I better explain what John and I meant by this title hadn’t I? The story is about a girl who’s wearing black because the bloke she loves has gone away forever. The feller singing the song fancies her, too, but he’s getting nowhere. We wrote it originally in a waltz style, but it finished as a mixture of waltz and beat.
Disc, 14 November 1964
It has been speculated that the song is about Astrid Kirchherr, the German photographer and artist whom The Beatles befriended in Hamburg. She was engaged to The Beatles’ first bass guitarist, Stuart Sutcliffe, who died of a brain haemorrhage in April 1962.
‘Baby’s In Black’ we did because we like waltz time – we used to do ‘If You Gotta Make A Fool Of Somebody’, a cool 3/4 blues thing. And other bands would notice that and say, ‘Shit man, you’re doing something in 3/4.’ So we’d got known for that. And I think also John and I wanted to do something bluesy, a bit darker, more grown-up, rather than just straight pop. It was more ‘baby’s in black’ as in mourning. Our favourite colour was black, as well.
By 1964 Lennon and McCartney had began to write alone, although they continued to help each other complete songs when the need arose. ‘Baby’s In Black’, however, was a joint effort written, as Lennon remembered in 1980, “together, in the same room”.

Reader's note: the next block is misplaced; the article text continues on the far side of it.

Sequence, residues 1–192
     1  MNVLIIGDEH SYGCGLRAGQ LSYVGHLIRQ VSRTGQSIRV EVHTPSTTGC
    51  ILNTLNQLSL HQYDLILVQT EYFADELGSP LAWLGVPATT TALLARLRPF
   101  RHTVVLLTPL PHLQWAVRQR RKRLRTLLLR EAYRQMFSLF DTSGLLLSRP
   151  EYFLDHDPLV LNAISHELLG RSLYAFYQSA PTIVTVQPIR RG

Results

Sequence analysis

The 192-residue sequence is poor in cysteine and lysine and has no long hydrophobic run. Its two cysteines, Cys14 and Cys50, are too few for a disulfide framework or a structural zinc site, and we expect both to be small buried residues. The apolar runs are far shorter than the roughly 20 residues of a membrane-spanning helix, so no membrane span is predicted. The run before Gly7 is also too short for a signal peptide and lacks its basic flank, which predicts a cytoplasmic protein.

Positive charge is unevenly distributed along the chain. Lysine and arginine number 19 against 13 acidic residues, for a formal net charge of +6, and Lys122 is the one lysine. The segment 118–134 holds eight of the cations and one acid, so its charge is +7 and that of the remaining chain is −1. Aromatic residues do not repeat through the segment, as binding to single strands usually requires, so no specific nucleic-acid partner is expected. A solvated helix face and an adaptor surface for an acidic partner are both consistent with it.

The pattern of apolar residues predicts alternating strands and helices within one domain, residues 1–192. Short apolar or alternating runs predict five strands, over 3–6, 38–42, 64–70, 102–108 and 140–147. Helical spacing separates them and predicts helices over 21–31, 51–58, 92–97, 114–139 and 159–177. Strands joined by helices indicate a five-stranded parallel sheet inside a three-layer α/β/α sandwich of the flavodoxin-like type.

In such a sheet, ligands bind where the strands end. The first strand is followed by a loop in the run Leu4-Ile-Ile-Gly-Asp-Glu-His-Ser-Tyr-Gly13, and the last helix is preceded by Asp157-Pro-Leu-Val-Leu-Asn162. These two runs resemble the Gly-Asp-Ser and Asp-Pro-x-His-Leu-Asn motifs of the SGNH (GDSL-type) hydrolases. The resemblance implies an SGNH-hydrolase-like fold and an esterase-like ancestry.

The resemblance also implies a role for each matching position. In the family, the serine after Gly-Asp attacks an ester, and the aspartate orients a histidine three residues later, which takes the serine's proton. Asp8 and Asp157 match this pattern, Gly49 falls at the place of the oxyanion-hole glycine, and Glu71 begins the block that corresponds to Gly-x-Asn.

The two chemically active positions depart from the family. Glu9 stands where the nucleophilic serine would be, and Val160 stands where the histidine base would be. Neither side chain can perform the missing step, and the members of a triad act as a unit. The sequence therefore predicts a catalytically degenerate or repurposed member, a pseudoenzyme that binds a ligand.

It was very much co-written and we both sang it. Sometimes the harmony that I was writing in sympathy to John’s melody would take over and become a stronger melody. Suddenly a piebald rabbit came out of the hat! When people wrote out the music score they would ask, ‘Which one is the melody?’ because it was so co-written that you could actually take either. We rather liked this one. It was not so much a work job, there was a bit more cred about this one. It’s got a good middle.
Many Years From Now, Barry Miles
‘Baby’s In Black’ became a key part of The Beatles’ live shows, right up until their final concert on 29 August 1966, at San Francisco’s Candlestick Park. They also performed it at Shea Stadium and at the Hollywood Bowl.
In the studio
The opening guitar note caused particular problems during the session. After the track was completed, George Harrison taped a number of edit pieces consisting of variations of the note, although none were used.